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Logo of Phnom Penh Post newspaper Phnom Penh Post - Journalists beaten at crash scene

Journalists beaten at crash scene

david chainawa
David Chanaiwa and other man arrested over the alleged beating on group of journalists during traffic accident. Photo Supplied

A former adviser to Senate President Chea Sim who was sentenced to a year in prison in 2011 over a shooting was arrested yesterday after allegedly wading into a group of 10 journalists with fists flailing as they attempted to film the scene of a car wreck he had just walked away from.

Phnom Penh’s deputy police chief of minor crime, Bun Sathya, told the Post that David Chanaiwa, a Khmer-American, described as about 40, was one of two men arrested over the alleged beating on the capital’s Monivong Boulevard shortly after midnight yesterday.

The arrest followed television and newspaper journalists showing officers video footage and photos of seven men punching and kicking them after what they said was a high-speed crash involving Chanaiwa, Sathya added.

“The suspects were arrested and charged with intentionally causing injuries and have been sent to court to be prosecuted,” he said.

One of the journalists was seriously injured in the attack and taken to hospital, where he remained as of late yesterday.

Another reporter, Su Bunthy, 48, from TV11, said he was beaten and had his camera seized in the attack.

“I regard it simply as violence inflicted upon us by rich and powerful people,” he said. “This action has negative urge the authorities to prosecute the suspects.”

Chanaiwa, the eponymous owner of a consultancy firm in the capital and chairman of Brothers Investment Group when it was awarded a contract to dredge the Mekong River in 2008, was reportedly sentenced in absentia to one year in jail in 2011.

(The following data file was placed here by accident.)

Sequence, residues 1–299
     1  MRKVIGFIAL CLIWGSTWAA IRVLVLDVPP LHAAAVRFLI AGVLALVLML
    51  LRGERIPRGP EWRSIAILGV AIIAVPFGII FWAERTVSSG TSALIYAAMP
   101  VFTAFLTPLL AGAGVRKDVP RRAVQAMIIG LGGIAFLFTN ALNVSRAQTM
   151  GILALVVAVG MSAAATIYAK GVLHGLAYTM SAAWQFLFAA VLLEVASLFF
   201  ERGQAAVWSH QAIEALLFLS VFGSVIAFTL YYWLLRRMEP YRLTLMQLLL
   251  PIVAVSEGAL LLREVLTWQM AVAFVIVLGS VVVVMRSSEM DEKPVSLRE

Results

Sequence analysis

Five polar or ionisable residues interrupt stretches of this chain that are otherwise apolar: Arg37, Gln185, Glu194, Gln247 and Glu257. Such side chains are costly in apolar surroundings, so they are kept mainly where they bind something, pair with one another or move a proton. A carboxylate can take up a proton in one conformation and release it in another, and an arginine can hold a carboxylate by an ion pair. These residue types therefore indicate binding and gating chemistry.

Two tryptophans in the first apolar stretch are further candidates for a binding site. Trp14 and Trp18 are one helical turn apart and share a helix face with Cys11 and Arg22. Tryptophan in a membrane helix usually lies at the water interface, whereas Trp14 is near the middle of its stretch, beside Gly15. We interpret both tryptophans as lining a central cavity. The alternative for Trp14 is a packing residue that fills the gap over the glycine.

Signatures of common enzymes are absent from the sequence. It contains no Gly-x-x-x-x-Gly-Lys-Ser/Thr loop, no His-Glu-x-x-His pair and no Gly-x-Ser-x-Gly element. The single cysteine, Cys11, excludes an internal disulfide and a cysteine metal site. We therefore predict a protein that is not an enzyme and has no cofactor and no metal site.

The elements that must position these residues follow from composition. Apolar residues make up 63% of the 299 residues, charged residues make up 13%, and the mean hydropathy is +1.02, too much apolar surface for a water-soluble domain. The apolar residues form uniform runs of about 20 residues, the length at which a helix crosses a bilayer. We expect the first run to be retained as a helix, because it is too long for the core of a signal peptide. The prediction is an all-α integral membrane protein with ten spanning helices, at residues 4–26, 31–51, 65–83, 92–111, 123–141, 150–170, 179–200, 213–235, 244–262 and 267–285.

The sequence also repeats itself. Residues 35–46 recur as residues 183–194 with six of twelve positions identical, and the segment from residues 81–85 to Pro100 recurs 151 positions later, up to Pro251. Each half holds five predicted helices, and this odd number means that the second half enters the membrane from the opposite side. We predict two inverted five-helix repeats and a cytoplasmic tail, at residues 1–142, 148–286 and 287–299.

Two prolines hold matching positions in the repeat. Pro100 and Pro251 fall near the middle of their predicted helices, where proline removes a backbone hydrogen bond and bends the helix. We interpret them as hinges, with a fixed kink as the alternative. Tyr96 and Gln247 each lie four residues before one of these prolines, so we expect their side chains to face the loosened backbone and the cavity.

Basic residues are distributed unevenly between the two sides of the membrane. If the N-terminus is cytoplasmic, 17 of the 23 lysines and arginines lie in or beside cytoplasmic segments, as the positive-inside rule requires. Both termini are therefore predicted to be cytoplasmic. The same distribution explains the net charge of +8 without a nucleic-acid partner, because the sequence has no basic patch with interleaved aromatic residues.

The prison term – which he never served – was a consequence of him firing his gun at the River House Restaurant in 2007.

Yim Leang, chief of Senate President Chea Sim’s bodyguard unit, told the Post yesterday that Chanaiwa was also once an adviser to Sim, but was fired more than five years ago.

“He was removed from that position as adviser because he conducted himself improperly while in the position,” Leang said, before ending the conversation with disparaging words about Chanaiwa.

According to a letter released by the Cambodian Bar Association yesterday, Chanaiwa was expelled from the association in 2003, while he has also made headlines for driving his Hummer through a garden named after Prime Minister Hun Sen near NagaWorld casino.

The Cambodian Journalists Club yesterday condemned the violence on the journalists, whose employers include TV9, Bayon TV, ANN, DAP, Koh Santepheap and Hangmeas TV.

“The suspects are guilty and we appeal to the municipal police to search and arrest the others involved,” the journalists’ association said.

Representatives of David Chanaiwa and Associates could not be reached for comment. Police are continuing to search for five other men alleged to be involved in the attack.

ADDITIONAL REPORTING BY SHANE WORRELL

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